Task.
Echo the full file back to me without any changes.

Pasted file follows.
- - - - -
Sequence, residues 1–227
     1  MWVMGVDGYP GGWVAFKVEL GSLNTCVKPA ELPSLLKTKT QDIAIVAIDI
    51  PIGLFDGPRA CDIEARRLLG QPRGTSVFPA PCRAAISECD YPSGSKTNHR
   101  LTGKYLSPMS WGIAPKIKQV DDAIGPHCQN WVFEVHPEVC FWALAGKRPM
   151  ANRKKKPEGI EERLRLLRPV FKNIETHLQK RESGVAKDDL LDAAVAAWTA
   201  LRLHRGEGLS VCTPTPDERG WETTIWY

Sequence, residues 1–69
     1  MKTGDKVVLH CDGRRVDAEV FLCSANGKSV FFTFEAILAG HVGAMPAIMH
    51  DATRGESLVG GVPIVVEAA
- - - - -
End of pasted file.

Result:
Sequence, residues 1–227
     1  MWVMGVDGYP GGWVAFKVEL GSLNTCVKPA ELPSLLKTKT QDIAIVAIDI
    51  PIGLFDGPRA CDIEARRLLG QPRGTSVFPA PCRAAISECD YPSGSKTNHR
   101  LTGKYLSPMS WGIAPKIKQV DDAIGPHCQN WVFEVHPEVC FWALAGKRPM
   151  ANRKKKPEGI EERLRLLRPV FKNIETHLQK RESGVAKDDL LDAAVAAWTA
   201  LRLHRGEGLS VCTPTPDERG WETTIWY

Sequence, residues 1–69
     1  MKTGDKVVLH CDGRRVDAEV FLCSANGKSV FFTFEAILAG HVGAMPAIMH
    51  DATRGESLVG GVPIVVEAA